So there it is, my problem. And it truly is my problem. Not Marla’s and not my Ex-Husband’s —- and I’m working on it. I need to slow down and control those ill-informed, overly chatty people — not the ones in the grocery store — the ones in my head.
It’s simple, really. I don’t like being asked why I divorced because it’s personal and I don’t like to talk about it unless I bring it up. But more than that, I don’t like being asked because of all the time I spent crying on the kitchen floor Amy Winehouse style wondering why I wasn’t enough for him.
Truth is., he was done. It really doesn’t matter why now, and it shouldn’t matter to my lunch meat friend. After a excruciatingly painful period in my life, I’m done analyzing why and I’m done, too. Unless I have brought it up and I am in a place mentally and physically where it is appropriate to talk about it, my final answer actually is, “Well, you know, whatever.”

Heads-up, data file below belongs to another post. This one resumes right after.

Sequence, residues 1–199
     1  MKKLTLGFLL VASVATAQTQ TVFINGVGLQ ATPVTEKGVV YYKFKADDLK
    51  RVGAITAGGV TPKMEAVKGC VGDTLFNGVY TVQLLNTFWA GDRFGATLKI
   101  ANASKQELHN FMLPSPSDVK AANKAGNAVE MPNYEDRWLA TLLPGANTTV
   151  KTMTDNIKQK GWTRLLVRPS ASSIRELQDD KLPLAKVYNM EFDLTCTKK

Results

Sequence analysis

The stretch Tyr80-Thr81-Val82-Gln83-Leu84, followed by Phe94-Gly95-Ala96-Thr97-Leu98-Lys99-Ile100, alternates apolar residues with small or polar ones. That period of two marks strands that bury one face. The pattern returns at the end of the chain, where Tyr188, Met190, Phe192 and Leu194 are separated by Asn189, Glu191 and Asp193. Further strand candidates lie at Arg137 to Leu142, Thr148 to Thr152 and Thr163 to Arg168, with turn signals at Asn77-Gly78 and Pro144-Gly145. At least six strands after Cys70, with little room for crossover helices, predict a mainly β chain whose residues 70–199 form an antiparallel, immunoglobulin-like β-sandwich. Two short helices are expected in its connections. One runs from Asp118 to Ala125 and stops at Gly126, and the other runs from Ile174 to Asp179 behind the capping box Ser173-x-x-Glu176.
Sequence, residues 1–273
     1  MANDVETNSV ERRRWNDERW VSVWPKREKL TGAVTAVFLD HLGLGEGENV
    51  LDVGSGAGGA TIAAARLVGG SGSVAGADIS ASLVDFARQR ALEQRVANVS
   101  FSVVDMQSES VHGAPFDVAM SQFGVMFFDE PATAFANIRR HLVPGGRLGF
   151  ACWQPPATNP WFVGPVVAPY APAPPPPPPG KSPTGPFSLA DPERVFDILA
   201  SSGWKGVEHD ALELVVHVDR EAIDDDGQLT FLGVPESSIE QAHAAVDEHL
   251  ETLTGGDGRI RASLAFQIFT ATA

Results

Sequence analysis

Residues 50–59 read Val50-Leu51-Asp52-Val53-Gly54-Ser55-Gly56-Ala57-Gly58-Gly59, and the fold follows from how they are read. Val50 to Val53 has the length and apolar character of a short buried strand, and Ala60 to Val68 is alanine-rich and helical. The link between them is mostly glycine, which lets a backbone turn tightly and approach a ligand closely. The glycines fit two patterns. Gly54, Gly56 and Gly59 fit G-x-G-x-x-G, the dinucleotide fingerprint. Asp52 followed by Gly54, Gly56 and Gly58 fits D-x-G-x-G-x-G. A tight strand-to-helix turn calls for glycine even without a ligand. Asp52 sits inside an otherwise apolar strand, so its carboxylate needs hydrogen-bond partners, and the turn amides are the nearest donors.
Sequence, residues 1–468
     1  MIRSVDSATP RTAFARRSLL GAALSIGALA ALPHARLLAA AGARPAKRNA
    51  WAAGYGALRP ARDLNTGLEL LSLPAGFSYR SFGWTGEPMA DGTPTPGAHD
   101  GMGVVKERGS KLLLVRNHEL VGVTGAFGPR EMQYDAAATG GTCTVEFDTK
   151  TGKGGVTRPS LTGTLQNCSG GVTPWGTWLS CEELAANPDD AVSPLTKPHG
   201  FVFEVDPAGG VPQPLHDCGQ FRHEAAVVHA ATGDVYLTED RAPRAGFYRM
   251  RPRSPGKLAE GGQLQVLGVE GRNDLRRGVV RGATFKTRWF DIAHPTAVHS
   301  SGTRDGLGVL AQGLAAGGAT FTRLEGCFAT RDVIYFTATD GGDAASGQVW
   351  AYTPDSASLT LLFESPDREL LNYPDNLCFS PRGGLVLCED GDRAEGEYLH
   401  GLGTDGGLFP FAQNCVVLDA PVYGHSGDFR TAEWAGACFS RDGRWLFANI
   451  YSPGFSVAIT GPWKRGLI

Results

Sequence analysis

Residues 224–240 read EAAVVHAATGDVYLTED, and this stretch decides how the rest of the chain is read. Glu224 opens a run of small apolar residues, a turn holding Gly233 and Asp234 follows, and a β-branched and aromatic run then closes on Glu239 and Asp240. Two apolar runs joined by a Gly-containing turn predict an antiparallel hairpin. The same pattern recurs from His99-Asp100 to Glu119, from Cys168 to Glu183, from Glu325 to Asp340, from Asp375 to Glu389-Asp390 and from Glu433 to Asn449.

(In my head I’ll say it’s because he’s an asshole. I’m not a saint.)
My daughter eventually flitted back with her cheese sticks and Marla had the good sense to change the topic, asking my daughter if she helps me out at home, which, I pointed out, she does not do nearly enough, prompting a devilish smile from my girl. A smile, not a denial, mind you. That kid is lucky she’s cute . . . but I digress.
Just Me With . . . American Cheese, ham off the bone, Southern fried chicken breast and some discomfort and insecurity . . . sliced thin.
Special thanks to @CRobbieLV for inspiring this and sharing her experiences with — The Dreaded “Why?”
Postscript: See Good Fortune and the Dreaded Question, Part II